- The package only supports Windows or macOS platforms
After validating the actual deployed files I got stopped at the “package isn't resolved with proper Linux wheel” issue, where one of the Python depended library wheel files had “cp39-cp39-win_amd64” tag value when it was expecting the “cp39-cp39-linux_x86_64” value, since Python functions run only on Linux in Azure. The reason why I had “win_amd64” in my deployed package, was that all the depended Python libraries were collected and compiled on the Windows self-hosted Azure DevOps agent. So, I needed to find a way to make it look like Linux before running the deployment task.
My initial idea for to create a script and replace all the wheel files’ tags with “cp39-cp39-linux_x86_64” value, a bad idea. Then I thought to use the “pip install –target” parameter to specify that I want to collect and compile all the dependent Python libraries for the Linux platform on my Windows self-hosted VM with the Azure DevOps agent. This one failed too since I received even more error messages during the pip install command running.
So, I was stuck with an idea, that either I should provision a new Azure DevOps agent installed on Linux VM and run both my build and deployment tasks for the Python Function App, or come up with a less complicated solution where I could still use my existing Windows self-hosted agents. This is how my story continued…
Non-traditional approach, to me :-)
If you ask me, why didn’t I use the same Linux Microsoft-hosted agent to both build and deploy steps, I had my own reasons:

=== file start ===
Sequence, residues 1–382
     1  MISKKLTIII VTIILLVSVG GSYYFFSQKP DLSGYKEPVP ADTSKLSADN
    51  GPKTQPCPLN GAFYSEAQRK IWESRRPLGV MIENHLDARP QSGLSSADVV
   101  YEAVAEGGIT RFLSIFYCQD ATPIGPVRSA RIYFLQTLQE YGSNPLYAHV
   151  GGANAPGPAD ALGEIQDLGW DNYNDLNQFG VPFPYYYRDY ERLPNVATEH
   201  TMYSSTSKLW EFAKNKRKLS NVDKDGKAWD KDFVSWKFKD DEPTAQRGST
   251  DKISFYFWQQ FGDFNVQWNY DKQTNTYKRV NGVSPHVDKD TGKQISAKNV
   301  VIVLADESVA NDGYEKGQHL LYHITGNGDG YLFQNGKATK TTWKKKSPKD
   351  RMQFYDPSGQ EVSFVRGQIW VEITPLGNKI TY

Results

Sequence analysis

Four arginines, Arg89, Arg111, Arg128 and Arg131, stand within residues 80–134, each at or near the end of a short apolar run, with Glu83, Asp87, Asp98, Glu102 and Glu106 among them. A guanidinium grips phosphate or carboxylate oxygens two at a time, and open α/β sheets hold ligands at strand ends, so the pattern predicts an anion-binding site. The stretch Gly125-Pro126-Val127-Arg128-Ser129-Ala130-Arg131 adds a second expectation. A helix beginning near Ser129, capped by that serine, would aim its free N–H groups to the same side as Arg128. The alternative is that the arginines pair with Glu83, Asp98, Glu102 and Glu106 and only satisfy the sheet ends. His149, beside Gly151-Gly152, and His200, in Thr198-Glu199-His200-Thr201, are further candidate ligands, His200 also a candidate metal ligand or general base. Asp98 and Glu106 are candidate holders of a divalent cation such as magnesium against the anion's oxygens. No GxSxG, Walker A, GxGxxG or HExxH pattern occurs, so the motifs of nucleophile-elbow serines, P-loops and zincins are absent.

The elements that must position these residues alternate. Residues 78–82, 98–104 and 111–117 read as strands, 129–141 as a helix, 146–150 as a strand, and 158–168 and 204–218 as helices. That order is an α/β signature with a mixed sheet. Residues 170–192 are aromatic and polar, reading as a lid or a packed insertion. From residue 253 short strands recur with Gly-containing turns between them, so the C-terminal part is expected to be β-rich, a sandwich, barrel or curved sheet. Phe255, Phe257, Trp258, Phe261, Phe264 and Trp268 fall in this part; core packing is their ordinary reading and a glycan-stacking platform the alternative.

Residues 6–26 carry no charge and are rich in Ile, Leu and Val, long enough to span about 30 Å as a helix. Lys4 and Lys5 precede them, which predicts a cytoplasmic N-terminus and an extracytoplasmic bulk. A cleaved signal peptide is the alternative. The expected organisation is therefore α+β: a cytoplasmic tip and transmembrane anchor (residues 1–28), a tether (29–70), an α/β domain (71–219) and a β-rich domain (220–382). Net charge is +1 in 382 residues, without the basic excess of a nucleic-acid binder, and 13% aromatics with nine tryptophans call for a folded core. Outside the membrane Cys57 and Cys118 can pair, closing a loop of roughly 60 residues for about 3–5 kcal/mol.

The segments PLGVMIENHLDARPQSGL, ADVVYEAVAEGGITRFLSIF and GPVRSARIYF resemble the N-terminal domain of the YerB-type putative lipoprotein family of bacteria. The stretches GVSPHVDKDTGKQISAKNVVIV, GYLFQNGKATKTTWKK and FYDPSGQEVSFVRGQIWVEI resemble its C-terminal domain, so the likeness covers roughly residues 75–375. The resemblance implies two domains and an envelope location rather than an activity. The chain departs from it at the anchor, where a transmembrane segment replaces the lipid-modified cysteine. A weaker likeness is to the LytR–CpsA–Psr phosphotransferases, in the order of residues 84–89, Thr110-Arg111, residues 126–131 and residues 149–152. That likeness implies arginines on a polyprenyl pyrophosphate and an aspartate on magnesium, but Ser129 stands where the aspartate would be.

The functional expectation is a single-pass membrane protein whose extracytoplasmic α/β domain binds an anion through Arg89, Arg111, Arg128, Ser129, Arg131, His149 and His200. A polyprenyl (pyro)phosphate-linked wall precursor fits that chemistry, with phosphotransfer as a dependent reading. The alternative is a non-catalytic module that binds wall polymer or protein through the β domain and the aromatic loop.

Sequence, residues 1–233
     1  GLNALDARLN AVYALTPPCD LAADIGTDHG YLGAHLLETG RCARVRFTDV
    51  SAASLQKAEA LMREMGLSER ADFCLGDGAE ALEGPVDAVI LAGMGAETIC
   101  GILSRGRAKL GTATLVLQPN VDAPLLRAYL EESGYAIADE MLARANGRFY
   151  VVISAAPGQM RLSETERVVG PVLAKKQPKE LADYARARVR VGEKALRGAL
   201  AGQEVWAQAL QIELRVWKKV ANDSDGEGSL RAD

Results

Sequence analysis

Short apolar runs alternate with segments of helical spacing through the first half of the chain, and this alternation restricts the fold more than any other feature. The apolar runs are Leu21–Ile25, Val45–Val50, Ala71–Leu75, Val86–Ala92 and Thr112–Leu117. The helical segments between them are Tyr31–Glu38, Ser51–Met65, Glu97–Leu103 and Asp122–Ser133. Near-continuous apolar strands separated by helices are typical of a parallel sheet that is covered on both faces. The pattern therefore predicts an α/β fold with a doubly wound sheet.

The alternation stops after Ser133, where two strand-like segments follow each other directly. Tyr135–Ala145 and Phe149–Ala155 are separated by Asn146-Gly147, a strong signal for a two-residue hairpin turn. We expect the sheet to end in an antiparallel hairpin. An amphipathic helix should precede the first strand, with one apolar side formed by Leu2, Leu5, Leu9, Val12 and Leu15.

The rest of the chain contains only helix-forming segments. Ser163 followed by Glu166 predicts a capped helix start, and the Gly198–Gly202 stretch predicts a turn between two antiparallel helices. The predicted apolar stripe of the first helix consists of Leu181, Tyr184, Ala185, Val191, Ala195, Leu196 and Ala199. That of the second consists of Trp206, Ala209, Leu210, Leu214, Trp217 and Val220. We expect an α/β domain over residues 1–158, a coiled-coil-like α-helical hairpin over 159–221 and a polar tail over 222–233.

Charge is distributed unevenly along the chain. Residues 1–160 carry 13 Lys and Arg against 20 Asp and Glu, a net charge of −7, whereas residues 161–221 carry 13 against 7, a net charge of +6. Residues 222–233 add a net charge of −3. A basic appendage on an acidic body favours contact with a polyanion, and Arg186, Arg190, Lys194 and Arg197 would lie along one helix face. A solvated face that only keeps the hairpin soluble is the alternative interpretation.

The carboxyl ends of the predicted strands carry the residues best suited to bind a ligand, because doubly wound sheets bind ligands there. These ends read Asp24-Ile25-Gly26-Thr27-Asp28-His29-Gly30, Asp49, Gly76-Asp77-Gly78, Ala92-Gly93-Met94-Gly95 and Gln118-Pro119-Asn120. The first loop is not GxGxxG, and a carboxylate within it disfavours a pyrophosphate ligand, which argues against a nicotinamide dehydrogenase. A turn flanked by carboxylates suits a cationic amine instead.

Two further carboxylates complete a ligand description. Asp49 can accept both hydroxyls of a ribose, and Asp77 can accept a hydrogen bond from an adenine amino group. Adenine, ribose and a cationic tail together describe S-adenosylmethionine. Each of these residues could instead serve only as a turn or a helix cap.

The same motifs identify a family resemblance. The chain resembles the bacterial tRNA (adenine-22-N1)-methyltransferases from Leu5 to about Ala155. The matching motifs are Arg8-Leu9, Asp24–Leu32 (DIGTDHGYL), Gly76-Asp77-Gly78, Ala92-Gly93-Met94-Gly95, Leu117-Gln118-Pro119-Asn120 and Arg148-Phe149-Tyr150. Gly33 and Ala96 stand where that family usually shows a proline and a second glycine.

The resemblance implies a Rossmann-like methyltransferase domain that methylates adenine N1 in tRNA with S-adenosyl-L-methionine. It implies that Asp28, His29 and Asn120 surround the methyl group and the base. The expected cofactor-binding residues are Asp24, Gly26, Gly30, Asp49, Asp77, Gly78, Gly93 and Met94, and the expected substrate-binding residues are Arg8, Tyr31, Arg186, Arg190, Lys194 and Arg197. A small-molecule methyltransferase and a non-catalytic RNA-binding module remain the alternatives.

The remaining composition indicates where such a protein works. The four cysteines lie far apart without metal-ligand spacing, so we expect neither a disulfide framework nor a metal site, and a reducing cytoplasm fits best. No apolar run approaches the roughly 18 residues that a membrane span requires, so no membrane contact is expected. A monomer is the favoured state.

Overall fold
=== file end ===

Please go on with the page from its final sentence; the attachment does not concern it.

- I didn’t want to provision another Azure Linux VM to host DevOps agent just for the Python Function Code deployment (cost, software configuration and firewall settings).
- Also, I wanted to use the existing Windows self-hosted Azure DevOps agent that is already used for other project artifacts deployment.
Challenges with the non-conventional approach
(A) Python version is important
I didn't include the UsePythonVersion@0 task in my initial YAML code and that proved to be wrong, since I got the old error message again, “Exception: ModuleNotFoundError: No module named 'module_name'”. After further investigation, the Python libs had Linux tag value in their wheel files, however Python version was slightly off. It was deployed as 3.8 version, whre my target Azure Function App was set to the Python 3.9 version.
After setting this YAML task, I had passed on the "No module named " error message:
(B) Import Error: /lib/x86_64-linux-gnu/libm.so.6: version `GLIBC_2.29' not found
Next attempt to build and deploy my code was successful, however the execution of my Python Function App failed with another error message, "ImportError: /lib/x86_64-linux-gnu/libm.so.6: version `GLIBC_2.29' not found".
Thankfully, I wasn't the only one who had experienced the same problem in the past (https://issueexplorer.com/issue/Azure/azure-functions-python-worker/818) and I was able to resolve this issue by replacing the "vmImageName: ubuntu-latest" to "vmImageName: 'ubuntu-18.04'" in my YMAL code, and this helped me a lot!
(C) Build and Release pipeline are separated
This is a very minor issue to maintain and update both DevOps pipeline (build & release) in two separate places, the rest is easy and very familiar.
As a conclusion to this blog post, I was able to make Linux and Windows, even more, friendlier in my mind by creating this CI/CD pipeline for my Python Function App. Yes, I can deploy the Python Function App to Azure using Windows self-hosted agents, but only if a build is made on a Linux agent too.